In a more practical sense, they taught that the way to a man’s heart often is through his stomach; a warm meal after a long day of work will always put a smile on a man’s face. They taught that small acts of service — like ironing their shirts — are great in the eyes of men. They taught that it’s better to calmly address hurts and annoyances rather than to hold one’s tongue until it results in an explosive tirade. Most importantly, they taught that it’s the quiet strength of a woman that keeps her husband strong.
8. How To Be Treated by a Man
In the same way that our grandmothers showed how to treat a man, they showed how to be treated by a man. A woman should demand respect from a man — and she does so by acting in a way that is deserving of respect. Our grandmothers didn’t get asked on dates via text, and they didn’t stand for casual and undefined relationships. Rather, they expected knocks on the front door, firm handshakes for their fathers, and proffered bouquets of flowers. They never wasted their time on someone who didn’t recognize their worth.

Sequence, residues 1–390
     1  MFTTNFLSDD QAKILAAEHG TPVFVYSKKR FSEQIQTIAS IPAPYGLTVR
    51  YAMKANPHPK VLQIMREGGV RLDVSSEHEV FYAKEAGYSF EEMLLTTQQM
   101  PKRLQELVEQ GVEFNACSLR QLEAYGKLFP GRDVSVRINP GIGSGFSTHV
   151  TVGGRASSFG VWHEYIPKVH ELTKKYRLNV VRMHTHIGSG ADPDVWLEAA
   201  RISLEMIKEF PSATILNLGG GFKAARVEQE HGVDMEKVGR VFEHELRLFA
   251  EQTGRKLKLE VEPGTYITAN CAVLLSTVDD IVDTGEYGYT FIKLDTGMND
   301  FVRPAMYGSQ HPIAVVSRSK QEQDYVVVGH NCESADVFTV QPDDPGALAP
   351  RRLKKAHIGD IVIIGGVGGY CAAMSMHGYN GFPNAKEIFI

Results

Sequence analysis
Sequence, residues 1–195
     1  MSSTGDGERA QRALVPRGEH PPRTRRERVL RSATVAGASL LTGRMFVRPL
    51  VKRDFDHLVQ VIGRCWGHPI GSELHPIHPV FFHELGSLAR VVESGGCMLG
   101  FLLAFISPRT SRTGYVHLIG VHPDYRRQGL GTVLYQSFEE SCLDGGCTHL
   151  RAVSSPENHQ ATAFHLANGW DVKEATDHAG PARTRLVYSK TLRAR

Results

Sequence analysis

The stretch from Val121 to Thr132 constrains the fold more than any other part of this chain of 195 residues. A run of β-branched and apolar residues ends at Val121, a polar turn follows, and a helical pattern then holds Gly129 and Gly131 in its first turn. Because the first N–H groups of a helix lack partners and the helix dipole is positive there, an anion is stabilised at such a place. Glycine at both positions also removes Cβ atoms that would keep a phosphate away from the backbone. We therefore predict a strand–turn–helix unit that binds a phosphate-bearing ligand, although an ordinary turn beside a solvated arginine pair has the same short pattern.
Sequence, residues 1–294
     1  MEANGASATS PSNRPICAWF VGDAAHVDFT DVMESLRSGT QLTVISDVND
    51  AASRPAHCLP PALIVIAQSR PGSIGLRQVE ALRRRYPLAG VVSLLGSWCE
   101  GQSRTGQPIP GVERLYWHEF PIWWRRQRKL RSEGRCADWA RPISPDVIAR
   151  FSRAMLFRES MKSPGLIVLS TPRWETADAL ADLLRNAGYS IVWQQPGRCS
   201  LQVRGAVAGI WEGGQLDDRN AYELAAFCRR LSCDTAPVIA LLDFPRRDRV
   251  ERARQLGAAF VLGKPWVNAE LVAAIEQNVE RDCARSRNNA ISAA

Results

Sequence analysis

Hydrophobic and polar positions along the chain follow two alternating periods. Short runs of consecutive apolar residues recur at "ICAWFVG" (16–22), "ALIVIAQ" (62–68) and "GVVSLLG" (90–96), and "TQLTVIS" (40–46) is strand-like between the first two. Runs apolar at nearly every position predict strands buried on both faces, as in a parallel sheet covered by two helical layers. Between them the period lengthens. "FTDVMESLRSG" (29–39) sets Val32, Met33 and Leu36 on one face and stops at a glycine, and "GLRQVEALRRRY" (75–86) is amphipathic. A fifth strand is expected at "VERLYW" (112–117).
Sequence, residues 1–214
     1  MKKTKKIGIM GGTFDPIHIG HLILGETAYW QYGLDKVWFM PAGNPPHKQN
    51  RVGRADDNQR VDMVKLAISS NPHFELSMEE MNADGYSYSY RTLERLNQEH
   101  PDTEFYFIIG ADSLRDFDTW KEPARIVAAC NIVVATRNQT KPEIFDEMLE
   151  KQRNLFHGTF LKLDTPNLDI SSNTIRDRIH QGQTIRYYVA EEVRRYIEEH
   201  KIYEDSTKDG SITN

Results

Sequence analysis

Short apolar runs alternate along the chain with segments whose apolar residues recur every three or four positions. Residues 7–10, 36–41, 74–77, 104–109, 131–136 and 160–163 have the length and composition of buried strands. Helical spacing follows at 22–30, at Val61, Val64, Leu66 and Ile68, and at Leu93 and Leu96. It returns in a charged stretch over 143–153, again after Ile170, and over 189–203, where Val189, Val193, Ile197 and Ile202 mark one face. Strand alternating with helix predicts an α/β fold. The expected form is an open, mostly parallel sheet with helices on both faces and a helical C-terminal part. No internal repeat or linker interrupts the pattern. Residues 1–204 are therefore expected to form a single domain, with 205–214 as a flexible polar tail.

9. How To Nourish Our Bodies Simply
Every day, we’re hit with a new fad diet or workout challenge to try. We have over-complicated health, fitness, and nutrition. My grandmother has always been fit and trim but never subscribed to any diet or fitness program. She — like most women of her time — kept it simple with home-cooked meals made of whole foods and enjoyable exercise like brisk walks with friends, bike rides around the neighborhood, and caring for children (which truly is a workout in itself).
Keep it simple with home-cooked meals made of whole foods and enjoyable exercise.
Women in our grandmothers’ day were not expected to work out like men. But even without P90X and green smoothies, they always looked incredible and — more importantly — had the energy to care about things other than getting to the gym and whipping up a ketogenic recipe.
10. How To Dance
I’ll just say it: our generation doesn’t know how to dance. Our grandmothers did the jitterbug and the jive and kept the dance floor alive. We rarely dance at all anymore, and, when we do, it’s a ghastly selection of moves we learned (and probably shouldn’t have learned) in high school. If only we could all take dance lessons from our grandmothers and bring back “dinner and dancing” dates!
Grandmothers are wonderful founts of wisdom and knowledge about how to survive and thrive in this life. They have “been there, done that” and can tell us how to do it all properly — with class, dignity, and grace.